New Delhi: The government has named Mangalore Refinery and Petrochemicals Ltd, a unit of state-run Oil and Natural Gas Corporation (ONGC), as the buyer of Cairn India’s initial output from its prolific Rajasthan oilfields that are expected to begin production within a month from now.
“We have named some of the refineries as government nominees to take Cairn crude,” Petroleum Secretary R S Pandey said on the sidelines of a conference here on Tuesday.
MRPL has been appointed as the buyer of the initial crude oil and state-run refiner Indian Oil Corporation (IOC) would take the crude once volumes rise.
“I am told crude oil production will begin in about a month’s time in small quantities,” Pandey said.
Cairn will initially produce 4,000 to 5,000 barrels of oil per day from its fields in Barmer district of Rajasthan which would be transported in trucks to Kandla on Gujarat coast for onward shipment to Mangalore.
Though IOC had indicated it can take up to 1.5 million tonnes of Rajasthan crude between its Koyali refinery in Gujarat and Panipat refinery in Haryana, the company would not immediately take the initial volumes as it lacks receiving facility at the refineries.
Koyali, where the oil can be transported in trucks, does not have facility which can unload the waxy Rajasthan crude that turns solid at room temperature. Also, it does not have heated storages.
Output from the Mangala field, the first of the three fields Cairn is putting to production, would rise to 30,000 barrels per day (1.5 million tonnes) in July-September.
The initial output will be transported through trucks. A heated pipeline to transport the crude to Gujarat coast would start in the fourth quarter, when an additional 50,000 bpd will be produced.
Peak output of 1,75,000 bpd (8.75 million tonnes a year) from the Mangala, Bhagyam and Aishwariya fields in Rajasthan block is to first go to state refiners, Pandey said.
IOC has indicated that it can take 20,000 bpd (one million tonnes) at its Panipat refinery in Haryana and another 0.5 million tonnes at Koyali unit in Gujarat once a delayed coker is installed at the refinery.
Mangalore Refinery, which is the official offtaker of Rajasthan crude, wants only 1.2 million tonnes while Hindustan Petroleum says it can take 0.5 million tonnes at its Vizag unit. The remaining unsold output would go to private refiners, he said.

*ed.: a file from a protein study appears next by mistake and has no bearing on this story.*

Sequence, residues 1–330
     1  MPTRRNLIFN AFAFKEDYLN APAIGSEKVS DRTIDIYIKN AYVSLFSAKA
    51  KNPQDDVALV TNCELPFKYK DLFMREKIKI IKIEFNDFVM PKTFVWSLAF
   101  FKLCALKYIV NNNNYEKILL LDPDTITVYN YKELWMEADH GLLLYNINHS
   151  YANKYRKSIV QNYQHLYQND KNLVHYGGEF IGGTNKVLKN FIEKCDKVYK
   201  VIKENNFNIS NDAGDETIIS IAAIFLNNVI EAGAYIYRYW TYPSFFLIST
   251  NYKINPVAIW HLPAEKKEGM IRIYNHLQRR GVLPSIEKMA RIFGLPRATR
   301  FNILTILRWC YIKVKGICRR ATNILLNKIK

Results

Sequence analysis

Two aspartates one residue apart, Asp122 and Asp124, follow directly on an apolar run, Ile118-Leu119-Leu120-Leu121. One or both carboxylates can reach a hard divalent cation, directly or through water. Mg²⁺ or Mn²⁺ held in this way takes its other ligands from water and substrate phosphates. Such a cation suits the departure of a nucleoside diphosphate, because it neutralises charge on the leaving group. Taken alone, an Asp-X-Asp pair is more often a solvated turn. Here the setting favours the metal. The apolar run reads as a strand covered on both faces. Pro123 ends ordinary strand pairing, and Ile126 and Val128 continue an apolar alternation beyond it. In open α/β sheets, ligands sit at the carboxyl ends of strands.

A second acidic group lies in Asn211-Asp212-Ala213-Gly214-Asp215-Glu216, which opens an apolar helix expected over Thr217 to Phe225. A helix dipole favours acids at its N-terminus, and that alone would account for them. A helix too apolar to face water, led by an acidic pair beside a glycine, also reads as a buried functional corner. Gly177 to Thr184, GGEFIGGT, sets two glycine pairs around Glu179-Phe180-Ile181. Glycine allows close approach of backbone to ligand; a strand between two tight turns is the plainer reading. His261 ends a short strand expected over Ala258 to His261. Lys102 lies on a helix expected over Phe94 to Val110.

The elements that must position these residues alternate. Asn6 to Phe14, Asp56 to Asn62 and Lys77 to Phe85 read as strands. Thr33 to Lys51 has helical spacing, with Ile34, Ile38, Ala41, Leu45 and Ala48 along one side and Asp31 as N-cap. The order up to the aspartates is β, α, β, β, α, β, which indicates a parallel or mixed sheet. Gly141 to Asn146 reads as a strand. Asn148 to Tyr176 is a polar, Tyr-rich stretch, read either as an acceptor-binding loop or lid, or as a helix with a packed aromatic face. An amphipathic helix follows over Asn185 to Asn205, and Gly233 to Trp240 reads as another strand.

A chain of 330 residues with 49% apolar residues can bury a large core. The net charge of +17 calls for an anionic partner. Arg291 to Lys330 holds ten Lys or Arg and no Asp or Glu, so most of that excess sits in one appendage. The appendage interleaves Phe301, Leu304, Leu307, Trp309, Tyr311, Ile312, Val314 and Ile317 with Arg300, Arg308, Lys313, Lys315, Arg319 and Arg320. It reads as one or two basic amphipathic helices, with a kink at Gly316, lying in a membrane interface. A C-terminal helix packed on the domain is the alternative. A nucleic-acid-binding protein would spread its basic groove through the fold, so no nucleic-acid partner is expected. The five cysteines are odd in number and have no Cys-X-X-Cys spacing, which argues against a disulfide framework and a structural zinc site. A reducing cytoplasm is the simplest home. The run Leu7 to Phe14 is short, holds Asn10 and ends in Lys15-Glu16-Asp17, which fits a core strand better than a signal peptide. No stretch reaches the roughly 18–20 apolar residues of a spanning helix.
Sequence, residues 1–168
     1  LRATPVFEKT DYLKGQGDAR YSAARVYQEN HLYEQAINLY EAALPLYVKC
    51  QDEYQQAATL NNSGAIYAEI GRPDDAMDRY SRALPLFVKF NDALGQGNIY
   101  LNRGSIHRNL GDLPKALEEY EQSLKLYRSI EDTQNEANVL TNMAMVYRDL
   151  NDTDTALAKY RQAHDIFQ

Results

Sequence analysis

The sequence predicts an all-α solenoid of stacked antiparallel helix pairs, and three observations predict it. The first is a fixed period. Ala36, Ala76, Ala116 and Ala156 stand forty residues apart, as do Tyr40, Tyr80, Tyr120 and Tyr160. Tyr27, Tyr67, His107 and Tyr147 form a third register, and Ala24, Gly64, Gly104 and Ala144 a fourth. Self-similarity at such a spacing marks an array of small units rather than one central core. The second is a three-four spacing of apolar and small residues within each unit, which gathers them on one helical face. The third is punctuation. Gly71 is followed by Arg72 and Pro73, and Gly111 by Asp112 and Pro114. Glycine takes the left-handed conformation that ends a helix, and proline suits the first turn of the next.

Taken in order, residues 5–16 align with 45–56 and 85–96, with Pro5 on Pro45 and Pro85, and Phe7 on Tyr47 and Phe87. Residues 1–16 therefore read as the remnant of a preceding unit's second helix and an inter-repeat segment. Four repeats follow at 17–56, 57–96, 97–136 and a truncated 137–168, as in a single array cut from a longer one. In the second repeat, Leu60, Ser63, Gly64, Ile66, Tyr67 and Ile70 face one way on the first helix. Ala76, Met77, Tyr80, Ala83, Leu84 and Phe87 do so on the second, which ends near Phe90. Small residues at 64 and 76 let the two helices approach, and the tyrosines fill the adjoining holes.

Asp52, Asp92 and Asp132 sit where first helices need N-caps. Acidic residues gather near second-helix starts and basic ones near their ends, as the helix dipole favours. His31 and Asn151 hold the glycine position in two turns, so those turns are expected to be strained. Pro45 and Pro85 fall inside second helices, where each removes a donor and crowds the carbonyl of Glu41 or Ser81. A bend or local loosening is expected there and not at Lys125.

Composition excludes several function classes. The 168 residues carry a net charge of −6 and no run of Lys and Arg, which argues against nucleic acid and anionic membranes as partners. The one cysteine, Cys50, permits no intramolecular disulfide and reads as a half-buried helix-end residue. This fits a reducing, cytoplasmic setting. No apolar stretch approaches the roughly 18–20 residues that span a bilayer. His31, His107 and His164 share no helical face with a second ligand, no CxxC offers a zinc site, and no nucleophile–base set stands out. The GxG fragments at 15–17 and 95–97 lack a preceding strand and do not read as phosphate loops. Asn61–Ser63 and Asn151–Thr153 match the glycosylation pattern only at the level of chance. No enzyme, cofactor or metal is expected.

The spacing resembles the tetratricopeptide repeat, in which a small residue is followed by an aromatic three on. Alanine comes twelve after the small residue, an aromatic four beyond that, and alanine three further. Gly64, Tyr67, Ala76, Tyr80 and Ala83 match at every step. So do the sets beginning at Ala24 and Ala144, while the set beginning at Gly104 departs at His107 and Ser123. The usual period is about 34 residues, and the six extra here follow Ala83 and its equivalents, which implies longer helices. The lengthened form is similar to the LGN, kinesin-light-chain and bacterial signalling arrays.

Reliance Industries and Essar Oil have expressed interest in buying Cairn crude. RIL wants 30,000 to 60,000 bpd (1.5-3 million tonnes) of Cairn crude each for its two refineries at Jamnagar in Gujarat while Essar Oil has written for 30,000 bpd this year and 1,20,000 bpd (6 million tonnes) by 2011 when it expands its Vadinar refinery in Jamnagar district.
Since the crude is waxy, refiners need to put up infrastructure to receive the oil. Laying of spur pipelines and special heated storages for Rajasthan crude would take about six months.
The Mangala field is expected to produce 30,000 bpd by the second quarter of 2009-10. Production is then expected to ramp up to 80,000 bpd by the end of 2009 before reaching a plateau of 1,25,000 bpd during H1 of 2010.
Besides 1,25,000 bpd of Mangala, the adjacent Bhagyam field would produce 40,000 bpd and Aishwariya another 20,000 bpd. The peak of 1,75,000 bpd would be reached in 2011. Cairn is investing $850 million in a processing facility and another $940 million in a heated oil pipeline from the fields to the port of Viramgam in Gujarat.
Cairn India, the subsidiary of UK-based Cairn Energy, holds a 70% stake and is the operator of the Rajasthan block. ONGC is its partner with a 30% stake.
Pandey said Cairn and the buyers will work on the pricing of the crude. The crude from the onshore Rajasthan block RJ-ON-90/1 is waxy, low in sulphur, and has an API gravity of between 25 and 35 degrees.
Cairn feels the Rajasthan crude could be benchmarked to Indonesian grades, which it resembles, while the buyers want heavy discounts to make up for the waxy nature of the crude.